One thing to be clear about actually splitting an arrow. Modern arrows are made of fiberglass, aluminum, carbon fiber or a combination of them. Thus, if someone manages to hit the other arrow, they’ll probably break the plastic nock, but the arrow will stick at the back of the first one. This phenomenon is called telescoping. If this happens, stop continue using that arrow and repair it. In this post, I show you, among other things, the dangers of using an arrow with a broken nock. In order to split an arrow, it must be surely made of wood. In that case, it’s perfectly possible to split it in half using another arrow.

Second, if you focus too much on succeeding in this, you’ll forget to pay attention to your forms and techniques, and you’ll start to shoot poorly. Then it will be more difficult to hit the arrow, losing more focus to the technique, and so on. You’ll enter a loop that will waste whatever you learned, ruining your archery.

So, if by chance, you manage to split an arrow, that’s fine. Take a quick picture of it, and move on. Don’t lose all that you learned for some fancy trick. 

Nevertheless, before you continue surfing this blog, I want to hear from you if anytime you did an archery trick, either by chance or on purpose. So, post a comment below. If you are starting archery (or planning to), go to this awesome guide. It’s a very complete, two-parts guide, where you can learn the basics and start shooting in no time. Then, after commenting, you might probably want to check these other cool posts, where I can show you some mistakes done by beginners and how to correct them, or some cool tips about archery that I’d love to knew when I started. See you around!


8 responses to “Robin Hooding: Can you split an arrow with another arrow?”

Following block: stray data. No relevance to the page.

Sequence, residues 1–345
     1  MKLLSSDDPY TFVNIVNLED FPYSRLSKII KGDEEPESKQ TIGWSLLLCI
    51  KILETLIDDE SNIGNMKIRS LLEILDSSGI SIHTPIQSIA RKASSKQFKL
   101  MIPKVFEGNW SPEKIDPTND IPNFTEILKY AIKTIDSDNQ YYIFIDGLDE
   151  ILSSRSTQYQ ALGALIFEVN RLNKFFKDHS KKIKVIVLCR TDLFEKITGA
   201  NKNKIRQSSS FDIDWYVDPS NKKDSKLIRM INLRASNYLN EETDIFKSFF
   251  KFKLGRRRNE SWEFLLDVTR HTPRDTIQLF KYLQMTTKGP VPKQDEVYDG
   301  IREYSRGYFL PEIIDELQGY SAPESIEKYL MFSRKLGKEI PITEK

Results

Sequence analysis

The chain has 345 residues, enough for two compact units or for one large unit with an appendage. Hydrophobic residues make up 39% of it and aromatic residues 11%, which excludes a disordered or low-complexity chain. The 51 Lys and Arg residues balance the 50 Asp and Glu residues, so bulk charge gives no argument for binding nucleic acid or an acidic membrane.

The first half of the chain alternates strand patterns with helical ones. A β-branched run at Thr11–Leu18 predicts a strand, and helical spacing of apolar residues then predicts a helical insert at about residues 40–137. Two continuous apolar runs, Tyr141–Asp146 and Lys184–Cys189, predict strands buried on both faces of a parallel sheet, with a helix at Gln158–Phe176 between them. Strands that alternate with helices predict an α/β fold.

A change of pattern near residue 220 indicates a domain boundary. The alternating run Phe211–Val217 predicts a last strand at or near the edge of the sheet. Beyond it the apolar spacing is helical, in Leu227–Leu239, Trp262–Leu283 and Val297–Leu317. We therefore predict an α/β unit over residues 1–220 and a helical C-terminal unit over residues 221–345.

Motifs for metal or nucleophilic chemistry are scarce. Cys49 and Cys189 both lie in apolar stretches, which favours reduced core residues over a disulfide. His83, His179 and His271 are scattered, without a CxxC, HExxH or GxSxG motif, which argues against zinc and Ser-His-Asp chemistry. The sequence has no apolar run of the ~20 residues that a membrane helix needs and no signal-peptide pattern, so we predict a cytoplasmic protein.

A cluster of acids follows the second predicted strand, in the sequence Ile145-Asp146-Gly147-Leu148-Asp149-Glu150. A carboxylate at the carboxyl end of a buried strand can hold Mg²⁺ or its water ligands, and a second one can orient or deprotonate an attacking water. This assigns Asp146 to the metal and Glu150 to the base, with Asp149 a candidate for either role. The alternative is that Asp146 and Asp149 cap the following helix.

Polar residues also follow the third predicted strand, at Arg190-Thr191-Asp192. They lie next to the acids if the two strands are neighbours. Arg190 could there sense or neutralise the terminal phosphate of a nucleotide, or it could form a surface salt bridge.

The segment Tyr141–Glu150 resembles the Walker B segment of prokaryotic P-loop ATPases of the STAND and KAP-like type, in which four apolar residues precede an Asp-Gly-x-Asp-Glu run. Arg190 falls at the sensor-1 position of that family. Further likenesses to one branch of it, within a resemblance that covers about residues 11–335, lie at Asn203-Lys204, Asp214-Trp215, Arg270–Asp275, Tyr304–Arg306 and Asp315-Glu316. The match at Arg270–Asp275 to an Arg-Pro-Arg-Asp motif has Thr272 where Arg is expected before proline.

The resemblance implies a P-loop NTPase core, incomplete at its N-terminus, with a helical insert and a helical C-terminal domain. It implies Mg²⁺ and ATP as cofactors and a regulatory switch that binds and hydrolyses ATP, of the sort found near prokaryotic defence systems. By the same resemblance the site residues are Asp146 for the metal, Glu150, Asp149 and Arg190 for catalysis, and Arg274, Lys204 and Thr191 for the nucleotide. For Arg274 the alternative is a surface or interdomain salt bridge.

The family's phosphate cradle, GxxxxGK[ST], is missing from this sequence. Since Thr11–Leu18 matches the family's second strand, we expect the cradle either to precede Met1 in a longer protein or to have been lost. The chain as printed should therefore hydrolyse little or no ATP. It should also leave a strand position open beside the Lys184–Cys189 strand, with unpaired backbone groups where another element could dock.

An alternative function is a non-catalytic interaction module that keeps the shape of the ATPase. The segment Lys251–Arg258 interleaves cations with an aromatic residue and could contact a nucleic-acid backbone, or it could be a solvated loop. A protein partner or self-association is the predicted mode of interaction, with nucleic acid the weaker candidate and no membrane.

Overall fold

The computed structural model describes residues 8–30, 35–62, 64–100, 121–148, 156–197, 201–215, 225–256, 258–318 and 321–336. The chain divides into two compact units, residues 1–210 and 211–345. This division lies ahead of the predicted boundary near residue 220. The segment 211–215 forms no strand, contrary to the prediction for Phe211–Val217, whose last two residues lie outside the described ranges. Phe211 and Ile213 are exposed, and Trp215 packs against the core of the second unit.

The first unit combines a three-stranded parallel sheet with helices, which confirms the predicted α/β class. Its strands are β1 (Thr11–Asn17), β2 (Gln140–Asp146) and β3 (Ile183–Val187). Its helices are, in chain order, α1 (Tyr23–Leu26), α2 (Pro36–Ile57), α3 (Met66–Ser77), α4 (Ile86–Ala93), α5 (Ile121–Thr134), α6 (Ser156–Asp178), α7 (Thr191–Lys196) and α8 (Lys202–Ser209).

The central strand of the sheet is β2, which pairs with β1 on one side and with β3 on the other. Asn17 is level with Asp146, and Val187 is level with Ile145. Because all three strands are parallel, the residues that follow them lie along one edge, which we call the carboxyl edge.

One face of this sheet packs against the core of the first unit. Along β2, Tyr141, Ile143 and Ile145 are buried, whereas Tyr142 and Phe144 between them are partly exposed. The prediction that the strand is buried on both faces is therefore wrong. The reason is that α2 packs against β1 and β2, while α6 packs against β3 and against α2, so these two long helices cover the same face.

1. […] it doesn’t take long to see improvement. Just three weeks after I got my bow, I “Robin Hood” an arrow. I heard the crack of the carbon splitting in half from twenty yards away. I […]

    1. Luciano Darriba Avatar
      Luciano Darriba

      First of all, thanks for commenting.

      Second, ouch. That must have hurt. So new into archery and already Robin-Hooding. As I also mentioned in the article, it’s probabilities. You can be months without happening and, surely, there’s someone in the world that suffered from that his/her first week after starting.

      As a side note, nice blog you have. It’s a great idea, and neatly implemented.

  2. Tim Avatar

    I just got my 4th Robin Hood today, so I’m guessing your math may be a little off, or I shoot more arrows than I realize. The first two times were kind of cool, but on the second one I realized that a robin hood costs me about $30.00 in arrows. I’m now out about $120.00 in arrows. I should have known better but I had changed up my release and was shooting for groups instead of individual dots at 20 yds…